daybreak till late in the night. She would eat only when her mother-in-law
threw a few morsels of food at her; if she become angry, food would be much
less. At times Sakhu would be very hungry; pained both physically and
mentally, she would take out Vittala's statuette and narrate her woes to
Him: "For how long should I undergo this punishment, Vittala? How much more
should you test me? You are my savior, mother, father, everything." She
solace in her prayers.She used to hide the statuette in the folds of her
saree at her waist and proceed with her household chores. If her
mother-in-law noticed the statuette, she would be annoyed. Even worshipping
God was a sin in that house.
Mother-in-Law Finds Out
Gayyalibai had noticed that her daughter - in-law talked to herself at
times. Not bold
enough to talk back to her, she murmurs to herself, thought Sakhu's
decided to 'teach her a lesson'. She stealthily listened to Sakhu's
murmuring but only heard the chanting of Vittala's name. But she did not see
the idol, which was hidden, in her waist. Another day when Sakhu was talking
to herself and narrating her troubles to the idol the mother-in-law suddenly
appeared and seeing the idol seized it and threw it away. "0, He is my Lord!
0 God! Vittala!" bemoaned Sakhu. Gayyalibai condemned Vittala with mean
words and Sakhu could not tolerate it. She said: "Mother-in-law, condemn and
drub me as you like. But what did that idol do to you? Please don't denounce
Gayyalibai raised' a terrible rumpus saying her daughter-in-law was opposing
complained to Krupanaraya. "I seem to be less than a broomstick to her!" she
son and heaped complaints on Sakhu.
Oaduraya did not bother to inquire into what had actually happened. Nor did
he bother to note how extremely patient his wife was and sweating away in
household work. He took up a cane and thrashed his wife as he would some
animal. At her father's place, Sakhu could not even mildly wield a stick
against their cattle. Sakhu silently received her husband's beating.
Swelled marks dotted her body and in the night she wept in agony. 'Even
then, she was only chanting "Vittala, Vittala! You are my only savior."
Interest In Domestic Life
Sakhu's devotion to 'God continued to grow and she was constantly reciting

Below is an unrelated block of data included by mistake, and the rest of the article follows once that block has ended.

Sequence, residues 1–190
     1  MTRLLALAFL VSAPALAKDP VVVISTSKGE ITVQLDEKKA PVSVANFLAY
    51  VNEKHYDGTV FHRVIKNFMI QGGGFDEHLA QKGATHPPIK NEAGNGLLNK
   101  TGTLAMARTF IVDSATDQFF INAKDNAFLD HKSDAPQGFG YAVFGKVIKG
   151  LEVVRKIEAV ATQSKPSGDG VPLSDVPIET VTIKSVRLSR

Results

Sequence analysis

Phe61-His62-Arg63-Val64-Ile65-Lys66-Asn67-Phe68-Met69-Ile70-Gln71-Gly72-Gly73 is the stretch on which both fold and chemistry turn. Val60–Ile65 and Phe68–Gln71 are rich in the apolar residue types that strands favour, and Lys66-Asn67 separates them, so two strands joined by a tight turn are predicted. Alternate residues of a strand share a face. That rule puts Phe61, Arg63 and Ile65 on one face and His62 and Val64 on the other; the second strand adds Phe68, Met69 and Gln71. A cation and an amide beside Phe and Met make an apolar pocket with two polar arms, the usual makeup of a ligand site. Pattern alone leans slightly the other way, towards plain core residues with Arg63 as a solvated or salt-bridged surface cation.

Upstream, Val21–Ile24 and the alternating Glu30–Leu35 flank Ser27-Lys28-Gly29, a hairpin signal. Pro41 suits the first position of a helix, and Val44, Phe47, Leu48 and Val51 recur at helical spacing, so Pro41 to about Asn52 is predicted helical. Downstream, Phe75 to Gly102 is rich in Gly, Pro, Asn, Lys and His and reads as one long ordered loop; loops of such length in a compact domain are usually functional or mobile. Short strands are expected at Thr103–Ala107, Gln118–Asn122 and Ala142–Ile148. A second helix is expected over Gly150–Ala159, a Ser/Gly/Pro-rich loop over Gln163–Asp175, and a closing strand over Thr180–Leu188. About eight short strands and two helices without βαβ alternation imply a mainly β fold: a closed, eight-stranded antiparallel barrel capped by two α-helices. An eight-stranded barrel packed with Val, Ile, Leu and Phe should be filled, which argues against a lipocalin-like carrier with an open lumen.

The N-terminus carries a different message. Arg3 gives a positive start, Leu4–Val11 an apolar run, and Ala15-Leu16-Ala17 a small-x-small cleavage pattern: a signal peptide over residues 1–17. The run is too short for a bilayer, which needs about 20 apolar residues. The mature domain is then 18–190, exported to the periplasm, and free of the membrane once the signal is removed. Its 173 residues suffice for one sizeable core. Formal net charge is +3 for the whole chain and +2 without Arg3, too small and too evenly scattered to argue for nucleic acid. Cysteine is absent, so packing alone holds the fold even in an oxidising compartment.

His name. Gradually, she was losing interest in domestic life though she was
fulfilling all her duties at home perfectly. Her health had broken down and
shewas now nothing but skin and bones. Neighbors; felt sad at her plight and
thought that they should tender some good advice to Gayyalibai. But who is
to go and talk? Each wanted others to undertake that task. 'Who is to bell
At last, some men made bold to talk to Krupanaraya. They told him: "Your
daughter-in-law appears to be ill. As the elder, you should think of her
welfare." For which he retorted: "What has happened to her? She eats so well
"You should not let a girl from another family suffer and cry. After she
came here, you have not sent her to her parents' home even once. Send her
for a few days," they
Gayyalibai had ordered Sakhu not to move about in the house in the presence
of elders. Even her father-in-law had not seen her closely recently. When he
saw her and noticed how weak and bony she had become, he told his wife about
the talk among the town's menfolk.
Gayyalibai denounced the men with all sorts of harsh words. She accused
Sakhu of having complained to the men and told her son that the girl was
spoiling the good name of their family. Again,Sakhu received a cruel
thrashing. People of the town felt sorry when they heard this episode.
Next day, when Sakhu went to the river to wash the clothes, the women there
sympathy: "Sakhu, why do you suffer here like this? You are killing yourself